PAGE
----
It is essential to protect your little one from the harmful rays, especially if you are planning any Caribbean vacations where the sun is stronger then many Boston Babies are accustomed to. What level of SPF and which specific brand you choose tend to be very personal choices, based on allergies, sensitivity, etc. However, California Baby (found at Babies R’Us, Amazon and other family friendly stores) is a wonderful option for children, providing ultimate protection with minimal reactions due to their sensitive, fragrance free products.
- Floatation Devices:
Whether you are looking to play with your little one in the pool, or take them on a trip to test out the ocean and refine their “snorkeling” skills, it is always helpful to have a floaty on hand during the summer. One Step Aheadoffers a nice option, at a reasonable price point, that also provides SPF protection. While this floaty provides your little fish with a bit of freedom and adventure in the water, please remember that these toys are very unstable and can easily flip. Constant supervision is necessary when babies are in the floaty and around any body of water.Other water and squirt toys are great ways to entice a more timid guppy to jump in the pool, but try to avoid floatation devices that go on babies’ arms, as they limit movement and mobility, which makes early swim development and stroke technique more challenging. If interested in equipping your swimmer with added buoyancy, using back floats are the best way to go. They allow swim instructors or guardians to take off one “brick” at a time, to challenge guppies as they improve their swim skills.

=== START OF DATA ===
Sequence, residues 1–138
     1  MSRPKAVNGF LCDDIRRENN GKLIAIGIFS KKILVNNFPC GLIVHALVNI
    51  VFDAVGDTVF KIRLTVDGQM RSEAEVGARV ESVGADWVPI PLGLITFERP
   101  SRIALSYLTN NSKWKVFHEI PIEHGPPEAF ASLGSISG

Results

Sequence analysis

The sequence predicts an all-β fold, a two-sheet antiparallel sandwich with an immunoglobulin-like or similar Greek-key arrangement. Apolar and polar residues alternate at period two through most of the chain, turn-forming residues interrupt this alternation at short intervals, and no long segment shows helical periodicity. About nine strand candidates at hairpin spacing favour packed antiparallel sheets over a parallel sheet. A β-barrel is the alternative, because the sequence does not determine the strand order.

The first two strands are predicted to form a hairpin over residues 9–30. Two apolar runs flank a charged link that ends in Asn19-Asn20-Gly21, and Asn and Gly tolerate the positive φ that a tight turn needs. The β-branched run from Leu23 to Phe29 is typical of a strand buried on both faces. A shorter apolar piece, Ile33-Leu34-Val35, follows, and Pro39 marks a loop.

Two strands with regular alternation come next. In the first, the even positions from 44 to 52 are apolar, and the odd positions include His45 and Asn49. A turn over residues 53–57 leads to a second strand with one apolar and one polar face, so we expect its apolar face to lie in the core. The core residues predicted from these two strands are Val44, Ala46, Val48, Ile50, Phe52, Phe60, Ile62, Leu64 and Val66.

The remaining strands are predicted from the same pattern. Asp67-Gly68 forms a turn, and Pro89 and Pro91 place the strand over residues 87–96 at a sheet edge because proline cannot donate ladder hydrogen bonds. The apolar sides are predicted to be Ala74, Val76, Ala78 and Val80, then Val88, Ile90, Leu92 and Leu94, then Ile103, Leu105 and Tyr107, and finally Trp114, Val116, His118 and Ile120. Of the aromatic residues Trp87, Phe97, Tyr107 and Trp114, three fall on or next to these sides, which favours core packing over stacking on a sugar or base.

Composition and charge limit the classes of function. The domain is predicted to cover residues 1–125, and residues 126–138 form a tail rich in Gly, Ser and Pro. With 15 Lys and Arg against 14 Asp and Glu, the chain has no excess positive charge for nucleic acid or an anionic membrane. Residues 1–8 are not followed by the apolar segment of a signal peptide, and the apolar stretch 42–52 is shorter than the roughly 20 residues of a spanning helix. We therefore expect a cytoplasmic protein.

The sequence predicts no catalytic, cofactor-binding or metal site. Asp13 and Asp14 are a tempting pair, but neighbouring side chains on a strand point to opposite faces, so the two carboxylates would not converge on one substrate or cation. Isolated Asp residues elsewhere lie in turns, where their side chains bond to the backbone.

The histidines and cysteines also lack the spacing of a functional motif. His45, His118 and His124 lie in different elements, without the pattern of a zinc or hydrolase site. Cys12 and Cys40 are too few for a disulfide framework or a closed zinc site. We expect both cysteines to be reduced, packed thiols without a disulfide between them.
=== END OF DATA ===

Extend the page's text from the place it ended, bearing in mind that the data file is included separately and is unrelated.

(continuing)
If you are interested in learning more about registering your little one for swim lessons, please contact Teal Martin, Assistant Manager of For Kids Only, at the SCLA-Boston.